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Given the thirst for all things Michelle Obama, the likelihood that a few of her go-to designers would get together for a public chat about her personal style was inevitable.
Diverse as their designs are, Maria Cornejo, Thakoon Panichgul and Narciso Rodriguez each gave the First Lady points for her unpredictability, multidesigner high-low wardrobe, bold color choices, sleeveless dresses, unexpected personal touches and indifference about Seventh Avenue’s Old Guard in a discussion Sunday at The New York Times’ headquarters with fashion critic Cathy Horyn. The trio of designers practically saluted Obama for dressing like a modern working woman instead of following the same-as-it-ever-was dress code of some of her predecessors.
This story first appeared in the May 5, 2009 issue of WWD. Subscribe Today.
“She shops. She looks at collections and fashion shows I guess like everyone else does. She picks what she likes and she wears it,” Rodriguez said. “That’s very modern. I don’t know of anyone who dresses in just one fashion designer. Do you?”
“I’m an exception,” Cornejo said with a laugh. “I’m not big on choices.”
Apparently, the First Lady is. So much so that she still doesn’t clue in designers and, to date, she has worn Isabel Toledo, Michael Kors, Sophie Theallet, Tracy Reese, Azzedine Alaïa and others. While Rodriguez met Obama years ago in Chicago, Cornejo and Panichgul never have. Asked about a WWD article in which some designers questioned why the First Lady wasn’t wearing designs from established houses, all three panelists piped up. Rodriguez said, “That was outrageous,” concurring with Horyn it was a case of sour grapes. “How dare anybody tell the First Lady or any woman today what they should be wearing?”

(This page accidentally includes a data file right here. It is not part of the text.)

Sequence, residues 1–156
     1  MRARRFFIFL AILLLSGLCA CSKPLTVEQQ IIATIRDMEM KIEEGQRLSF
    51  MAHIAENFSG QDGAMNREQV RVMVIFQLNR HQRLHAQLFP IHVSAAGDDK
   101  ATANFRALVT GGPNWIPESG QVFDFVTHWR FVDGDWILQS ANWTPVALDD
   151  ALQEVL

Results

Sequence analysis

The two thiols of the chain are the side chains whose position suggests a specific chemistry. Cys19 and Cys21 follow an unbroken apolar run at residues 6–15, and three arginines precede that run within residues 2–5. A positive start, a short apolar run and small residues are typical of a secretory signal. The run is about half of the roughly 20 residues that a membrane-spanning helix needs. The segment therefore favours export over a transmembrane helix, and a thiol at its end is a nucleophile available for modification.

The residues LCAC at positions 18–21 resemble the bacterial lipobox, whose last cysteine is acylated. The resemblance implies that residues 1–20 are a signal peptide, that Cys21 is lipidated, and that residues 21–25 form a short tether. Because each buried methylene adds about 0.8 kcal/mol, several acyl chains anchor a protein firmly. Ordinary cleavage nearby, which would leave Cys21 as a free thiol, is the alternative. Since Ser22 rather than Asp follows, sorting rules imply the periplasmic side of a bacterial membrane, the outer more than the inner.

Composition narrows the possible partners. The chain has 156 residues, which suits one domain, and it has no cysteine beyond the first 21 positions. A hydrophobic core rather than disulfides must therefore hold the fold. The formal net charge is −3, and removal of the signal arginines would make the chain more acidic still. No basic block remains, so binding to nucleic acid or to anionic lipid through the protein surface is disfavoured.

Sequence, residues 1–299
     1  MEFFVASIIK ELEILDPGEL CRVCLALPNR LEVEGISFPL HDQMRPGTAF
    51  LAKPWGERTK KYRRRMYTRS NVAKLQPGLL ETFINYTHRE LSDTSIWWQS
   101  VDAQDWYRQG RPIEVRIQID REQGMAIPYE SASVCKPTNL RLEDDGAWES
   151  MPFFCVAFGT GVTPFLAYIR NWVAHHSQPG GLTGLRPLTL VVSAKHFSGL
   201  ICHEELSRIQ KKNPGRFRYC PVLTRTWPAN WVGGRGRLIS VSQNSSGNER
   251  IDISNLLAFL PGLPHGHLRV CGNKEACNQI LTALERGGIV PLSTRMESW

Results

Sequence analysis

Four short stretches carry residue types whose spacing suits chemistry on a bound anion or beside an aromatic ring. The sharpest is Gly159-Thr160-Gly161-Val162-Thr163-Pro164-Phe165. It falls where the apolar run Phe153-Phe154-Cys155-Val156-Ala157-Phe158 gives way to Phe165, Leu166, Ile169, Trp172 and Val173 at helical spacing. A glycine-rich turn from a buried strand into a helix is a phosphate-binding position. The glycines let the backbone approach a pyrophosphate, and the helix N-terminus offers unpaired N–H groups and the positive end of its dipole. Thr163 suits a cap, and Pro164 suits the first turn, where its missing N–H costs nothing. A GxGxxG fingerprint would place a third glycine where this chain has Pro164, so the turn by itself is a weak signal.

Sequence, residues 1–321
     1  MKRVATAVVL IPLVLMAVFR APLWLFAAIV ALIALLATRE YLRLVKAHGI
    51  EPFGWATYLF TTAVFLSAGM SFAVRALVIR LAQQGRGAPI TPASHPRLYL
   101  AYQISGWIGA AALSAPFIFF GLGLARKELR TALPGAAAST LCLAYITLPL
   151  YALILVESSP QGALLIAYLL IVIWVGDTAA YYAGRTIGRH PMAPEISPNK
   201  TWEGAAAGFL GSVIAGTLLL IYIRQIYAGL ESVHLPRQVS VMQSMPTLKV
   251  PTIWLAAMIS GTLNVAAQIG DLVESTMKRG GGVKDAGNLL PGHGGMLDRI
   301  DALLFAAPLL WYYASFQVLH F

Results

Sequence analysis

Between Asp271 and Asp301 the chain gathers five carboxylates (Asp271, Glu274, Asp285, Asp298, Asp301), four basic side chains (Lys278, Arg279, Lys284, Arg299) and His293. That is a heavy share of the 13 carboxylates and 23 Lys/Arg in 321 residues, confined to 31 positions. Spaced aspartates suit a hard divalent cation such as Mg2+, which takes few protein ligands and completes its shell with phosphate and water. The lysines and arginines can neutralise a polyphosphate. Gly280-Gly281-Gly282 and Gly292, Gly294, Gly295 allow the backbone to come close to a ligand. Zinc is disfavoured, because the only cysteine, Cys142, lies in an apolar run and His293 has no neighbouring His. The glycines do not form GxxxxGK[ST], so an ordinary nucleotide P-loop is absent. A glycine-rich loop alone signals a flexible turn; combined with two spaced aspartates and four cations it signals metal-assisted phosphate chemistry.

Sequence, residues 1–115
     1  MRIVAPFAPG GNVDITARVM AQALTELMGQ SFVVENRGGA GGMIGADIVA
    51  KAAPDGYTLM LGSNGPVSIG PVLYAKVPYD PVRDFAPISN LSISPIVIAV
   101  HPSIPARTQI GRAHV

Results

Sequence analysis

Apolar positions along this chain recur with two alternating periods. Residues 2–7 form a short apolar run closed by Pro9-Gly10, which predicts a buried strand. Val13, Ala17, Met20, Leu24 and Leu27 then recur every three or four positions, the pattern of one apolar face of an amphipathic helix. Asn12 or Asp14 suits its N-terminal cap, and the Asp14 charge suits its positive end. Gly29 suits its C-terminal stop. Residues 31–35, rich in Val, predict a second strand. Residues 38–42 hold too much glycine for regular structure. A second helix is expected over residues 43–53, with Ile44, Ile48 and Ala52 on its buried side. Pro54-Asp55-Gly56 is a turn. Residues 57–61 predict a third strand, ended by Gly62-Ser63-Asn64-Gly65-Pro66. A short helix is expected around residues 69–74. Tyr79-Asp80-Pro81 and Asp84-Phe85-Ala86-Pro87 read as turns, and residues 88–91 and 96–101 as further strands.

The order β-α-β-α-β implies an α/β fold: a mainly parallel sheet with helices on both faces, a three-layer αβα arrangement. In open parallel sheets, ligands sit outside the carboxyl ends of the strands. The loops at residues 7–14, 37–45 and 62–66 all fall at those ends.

Panichgul added, “If anything, fashion embraces change and modernity. For that statement to be made is old-fashioned.”
Cornejo said, “She is giving a lot of people like myself the chance to be seen. She is being much more democratic instead of using people who have been like dinosaurs on Seventh Avenue over and over again.”
Like the bulk of designers dressing the First Lady, they funnel all their clothes or sketches through Ikram Goldman, owner of the Chicago boutique Ikram, where Obama has shopped for years. Each is given complete creative license. “No one gave me direction or a color story. I did what I felt was appropriate,” said Rodriguez, whose dresses have been worn by the First Lady in recent months.
Panichgul said the floral ensemble Obama wore to France for her fashion showdown with French First Lady Carla Bruni-Sarkozy was actually designed with the inaugural in mind. “In hindsight, I could have lined it with wool. It was too cold for her that day,” he said. “For me, the face-off with Carla was fantastic from a fashion designer point of view.”
Panichgul and his fellow panelists even defended the First Lady’s right to wear European designer labels — they wouldn’t even criticize her for wearing $540 Lanvin sneakers last week to volunteer at a food bank in Washington. “She has done a pretty good job of being quite democratic, much more than anyone else ever has. This is a 45-year-old career woman who has earned her own money. If she wants to blow it on clothes, why not?” Cornejo said.
“At least she shops and is not borrowing, so that’s good for the economy,” Panichgul added.
And if she wants bare arms, so be it, Rodriguez said. “The fact that people criticize her for doing so and she doesn’t care, she continues to do that — I admire her for that,” he said.
Appraising a photo of the First Couple with Queen Elizabeth II, Rodriguez said of the 83-year-old British monarch, “I actually don’t like the pink dress and that handbag — I mean…it’s almost become a parody of what you’re supposed to wear. [Michelle] looks totally beautiful.”
Panichgul agreed, “She’s not bounded by these rules of what not to wear and what to wear. The fact that she’s not is why she is so popular.”
Cornejo challenged Horyn’s assessment of former First Lady Hillary Rodham Clinton looking fantastic in pantsuits. “I don’t think a woman has to dress like a man to be efficient or to be perceived as being efficient,” the designer said.